The problem is the storm of "hooray, this should have happened much earlier and should become 'our' (i.e., the community's) default policy" statements. It would become a really serious problem if it really happens that way because we would have to seriously reconsider the free software definition in that case.

Reply Score: 0

v You can also sue!
by stephanem on Fri 17th Mar 2006 23:13 UTC
RE: You can also sue!
by xaoslaad on Sat 18th Mar 2006 00:46 UTC in reply to "You can also sue!"
xaoslaad Member since:
2006-03-07

I think that you are interpreting the meaning of the phrase incorrectly. The warning is to state that you are tainting the kernel with non-GPL code, at which point it can not be distributed freely, etc, etc.

It is not to insinuate the code is subpar, unstable, or anything of the sort. It would be wrong to take that away from the message.

Reply Score: 1

It's a moot point
by xaoslaad on Fri 17th Mar 2006 23:18 UTC
xaoslaad
Member since:
2006-03-07

There is a message on the devel mailing list stating that there is a new kernel (2059) that resolves this issue. It is available here at the moment:

http://people.redhat.com/davej/kernels/Fedora/FC5/RPMS.kernel/

Reply Score: 2

Conspiracy Theory
by cybrjackle on Sat 18th Mar 2006 02:00 UTC
cybrjackle
Member since:
2005-11-20

http://conspiracytheory.warnerbros.com/

Ok, how many people here have watched this one to many times?

The joke about it being a "feature", was sort of just that, a JOKE!

More than that, RH/Fedora has been blaimed for more "Nvidia" problems in the past, while this one can be put on an "ACCIDENT" (yes, it was) -- (which is also very east to fix) the majority(everyone but this one) has been because the KERNEL has implemented something that they can't and just aren't going to test against closed source drivers, basically just like this.

anyway, i think it is pretty funny and there will be an update following the release.

Reply Score: 1

RE: Conspiracy Theory
by Accident on Sat 18th Mar 2006 03:00 UTC in reply to "Conspiracy Theory"
Accident Member since:
2005-07-29

Please don't use my name in VAIN. lol

Reply Score: 1

#
by scuro_falcao on Sat 18th Mar 2006 06:09 UTC
scuro_falcao
Member since:
2006-03-18

a number is just a number.. wow initial release, not like they ship this in retail boxes.. or do they

Reply Score: 1

disappointment
by Anton_Andreev on Sat 18th Mar 2006 08:01 UTC
Anton_Andreev
Member since:
2006-03-14

It is sad that we have to wait more. I am quite anxious about Fedora, but I wouldn't distribute such binaries that have such a problem. Imagine a ordinary user downloading Fedora and unable to install Nvidia drivers. That will be frustration and will draw back that user from Fedora ...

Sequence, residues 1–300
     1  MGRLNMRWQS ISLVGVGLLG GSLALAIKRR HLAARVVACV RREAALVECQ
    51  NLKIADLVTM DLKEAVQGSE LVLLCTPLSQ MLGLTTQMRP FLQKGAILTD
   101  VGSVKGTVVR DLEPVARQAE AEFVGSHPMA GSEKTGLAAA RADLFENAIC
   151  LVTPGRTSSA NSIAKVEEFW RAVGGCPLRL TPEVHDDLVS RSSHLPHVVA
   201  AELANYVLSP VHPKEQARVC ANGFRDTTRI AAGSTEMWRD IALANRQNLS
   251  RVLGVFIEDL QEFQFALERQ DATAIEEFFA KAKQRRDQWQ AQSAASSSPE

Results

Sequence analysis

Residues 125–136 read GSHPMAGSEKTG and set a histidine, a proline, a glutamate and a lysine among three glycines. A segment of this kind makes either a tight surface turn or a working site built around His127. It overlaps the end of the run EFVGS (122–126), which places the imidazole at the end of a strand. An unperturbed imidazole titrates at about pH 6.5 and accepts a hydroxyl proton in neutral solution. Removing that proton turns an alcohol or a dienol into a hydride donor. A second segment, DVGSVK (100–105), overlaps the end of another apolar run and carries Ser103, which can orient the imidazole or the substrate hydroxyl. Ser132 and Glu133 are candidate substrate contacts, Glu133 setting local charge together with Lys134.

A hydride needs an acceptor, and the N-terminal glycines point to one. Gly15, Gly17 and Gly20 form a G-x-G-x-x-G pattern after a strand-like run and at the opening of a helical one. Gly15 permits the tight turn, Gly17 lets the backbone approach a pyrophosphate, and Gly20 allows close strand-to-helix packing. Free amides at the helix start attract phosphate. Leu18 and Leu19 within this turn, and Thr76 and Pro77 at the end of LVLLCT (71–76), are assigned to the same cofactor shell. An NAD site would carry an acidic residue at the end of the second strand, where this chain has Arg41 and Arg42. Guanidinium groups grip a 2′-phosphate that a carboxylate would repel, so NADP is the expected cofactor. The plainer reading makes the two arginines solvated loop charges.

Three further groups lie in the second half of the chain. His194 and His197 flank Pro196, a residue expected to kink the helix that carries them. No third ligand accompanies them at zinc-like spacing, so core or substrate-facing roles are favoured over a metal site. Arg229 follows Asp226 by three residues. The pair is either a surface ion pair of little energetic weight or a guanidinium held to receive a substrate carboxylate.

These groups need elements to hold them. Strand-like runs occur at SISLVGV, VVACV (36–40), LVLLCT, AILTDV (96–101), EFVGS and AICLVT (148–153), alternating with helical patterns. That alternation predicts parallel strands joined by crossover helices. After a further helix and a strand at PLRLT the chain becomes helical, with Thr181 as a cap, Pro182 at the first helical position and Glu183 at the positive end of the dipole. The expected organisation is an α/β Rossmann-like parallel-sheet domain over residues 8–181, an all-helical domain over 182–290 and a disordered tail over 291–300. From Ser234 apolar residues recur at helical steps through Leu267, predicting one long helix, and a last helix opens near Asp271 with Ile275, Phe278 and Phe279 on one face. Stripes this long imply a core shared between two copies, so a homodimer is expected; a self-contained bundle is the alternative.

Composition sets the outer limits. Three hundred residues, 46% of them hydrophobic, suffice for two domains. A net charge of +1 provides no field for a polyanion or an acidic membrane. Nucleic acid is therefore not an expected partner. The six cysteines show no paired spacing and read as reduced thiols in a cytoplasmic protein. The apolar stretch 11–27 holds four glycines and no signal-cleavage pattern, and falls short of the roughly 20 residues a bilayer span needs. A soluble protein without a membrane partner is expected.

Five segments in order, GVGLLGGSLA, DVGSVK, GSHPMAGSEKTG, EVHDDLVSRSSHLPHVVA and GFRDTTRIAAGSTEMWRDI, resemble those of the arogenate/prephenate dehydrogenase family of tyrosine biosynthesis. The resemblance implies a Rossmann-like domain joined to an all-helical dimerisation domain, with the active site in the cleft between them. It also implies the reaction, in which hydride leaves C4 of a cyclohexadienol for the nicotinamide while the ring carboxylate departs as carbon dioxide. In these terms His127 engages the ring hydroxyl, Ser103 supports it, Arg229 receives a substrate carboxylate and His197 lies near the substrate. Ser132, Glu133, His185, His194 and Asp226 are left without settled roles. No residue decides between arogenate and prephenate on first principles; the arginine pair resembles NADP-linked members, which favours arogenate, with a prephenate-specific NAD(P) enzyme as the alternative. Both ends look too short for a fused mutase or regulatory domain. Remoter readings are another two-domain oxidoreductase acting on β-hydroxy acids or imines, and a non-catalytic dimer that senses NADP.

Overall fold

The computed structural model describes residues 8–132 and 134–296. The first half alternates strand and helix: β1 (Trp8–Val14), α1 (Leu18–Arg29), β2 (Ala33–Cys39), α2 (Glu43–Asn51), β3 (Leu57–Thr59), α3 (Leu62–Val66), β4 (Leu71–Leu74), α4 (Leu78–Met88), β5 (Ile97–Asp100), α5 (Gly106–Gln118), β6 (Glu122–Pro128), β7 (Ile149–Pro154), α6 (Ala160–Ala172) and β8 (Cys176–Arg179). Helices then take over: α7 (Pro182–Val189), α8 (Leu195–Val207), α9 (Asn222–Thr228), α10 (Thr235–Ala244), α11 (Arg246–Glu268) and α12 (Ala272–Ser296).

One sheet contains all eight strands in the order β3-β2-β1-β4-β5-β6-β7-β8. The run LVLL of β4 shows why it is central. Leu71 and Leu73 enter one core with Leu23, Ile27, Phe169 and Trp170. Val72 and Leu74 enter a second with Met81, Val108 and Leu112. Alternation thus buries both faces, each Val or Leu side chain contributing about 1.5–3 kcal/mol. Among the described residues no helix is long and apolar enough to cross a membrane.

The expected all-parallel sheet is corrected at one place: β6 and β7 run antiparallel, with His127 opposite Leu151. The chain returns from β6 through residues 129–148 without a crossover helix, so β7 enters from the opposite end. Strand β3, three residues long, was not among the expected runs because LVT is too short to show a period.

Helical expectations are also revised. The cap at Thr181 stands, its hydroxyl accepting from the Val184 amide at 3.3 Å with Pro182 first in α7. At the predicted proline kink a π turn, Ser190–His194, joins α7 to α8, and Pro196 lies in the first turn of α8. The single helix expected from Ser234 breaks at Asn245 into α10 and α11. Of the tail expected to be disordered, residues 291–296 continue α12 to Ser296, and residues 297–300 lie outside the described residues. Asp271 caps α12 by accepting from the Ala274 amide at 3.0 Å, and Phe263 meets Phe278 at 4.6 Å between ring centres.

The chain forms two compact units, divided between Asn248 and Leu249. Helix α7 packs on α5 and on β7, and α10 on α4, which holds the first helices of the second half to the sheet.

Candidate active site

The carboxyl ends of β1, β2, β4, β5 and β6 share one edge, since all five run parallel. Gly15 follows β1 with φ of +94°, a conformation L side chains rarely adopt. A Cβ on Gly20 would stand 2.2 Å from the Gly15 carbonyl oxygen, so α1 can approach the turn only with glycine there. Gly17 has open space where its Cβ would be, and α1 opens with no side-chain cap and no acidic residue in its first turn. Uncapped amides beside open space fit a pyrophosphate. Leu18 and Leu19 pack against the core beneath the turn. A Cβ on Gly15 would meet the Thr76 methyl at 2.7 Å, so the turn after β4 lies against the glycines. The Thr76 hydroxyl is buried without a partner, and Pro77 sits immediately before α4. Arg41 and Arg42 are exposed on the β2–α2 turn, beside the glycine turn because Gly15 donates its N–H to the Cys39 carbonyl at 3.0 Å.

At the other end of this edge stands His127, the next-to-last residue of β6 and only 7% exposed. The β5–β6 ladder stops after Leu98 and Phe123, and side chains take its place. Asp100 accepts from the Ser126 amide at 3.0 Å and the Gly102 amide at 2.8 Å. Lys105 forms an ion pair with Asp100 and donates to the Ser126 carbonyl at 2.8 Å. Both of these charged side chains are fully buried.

Yes, I do play UT2004 on Linux and I do need 3D now.

Edited 2006-03-18 08:02

Reply Score: 1

Release FC5 5.1
by mkone on Sat 18th Mar 2006 14:01 UTC
mkone
Member since:
2006-03-14

If it is not possible to respin the isos as long as they haven't been distributed, then they should promptly release a 5.1 version with a kernel with the bug fixed. They just make it clear that the only thing that has changed is the default kernel, and everything else is exactly the same. It would make it easier for some if they could be sure that the default installation works well with the proprietary drivers. Sometimes access to the internet is not readily available to update the problematic kernel.

Reply Score: 1

Already available?
by yorch on Sun 19th Mar 2006 01:09 UTC
yorch
Member since:
2006-01-28

It's is me only or the following mirorr is already open?

http://ftp.rediris.es/mirror/fedora.redhat/5/i386/os/

I'm just downloading the isos right now...

Reply Score: 2

i'm downloading it now !! its out there
by anyweb on Sun 19th Mar 2006 15:39 UTC
anyweb
Member since:
2005-07-06

mirror=ftp.rediris.es

torrent=http://betraktelse.org/FC5-DVD.torrent

local: FC-5-i386-disc1.iso remote: FC-5-i386-disc1.iso
227 Entering Passive Mode (130,206,1,5,189,8)
150-Accepted data connection
150 671128.0 kbytes to download
226-File successfully transferred
226 1074.475 seconds (measured here), 0.61 Mbytes per second

woohoo @!!

cheers
anyweb
http://linux-noob.com

Edited 2006-03-19 15:40

Reply Score: 1

more FCR5 info !
by anyweb on Sun 19th Mar 2006 20:04 UTC
anyweb
Member since:
2005-07-06

release notes here

http://www.linux-noob.com/forums/index.php?showtopic=2173

installation screenshots - http://linux-noob.com/screenshots/fedora/5/install/

post installation screenshots - http://linux-noob.com/screenshots/fedora/5/post/

The new distro is called bordeaux
The kernel is 2.6.15-1.2054_FC5

oh and its lovely

Reply Score: 1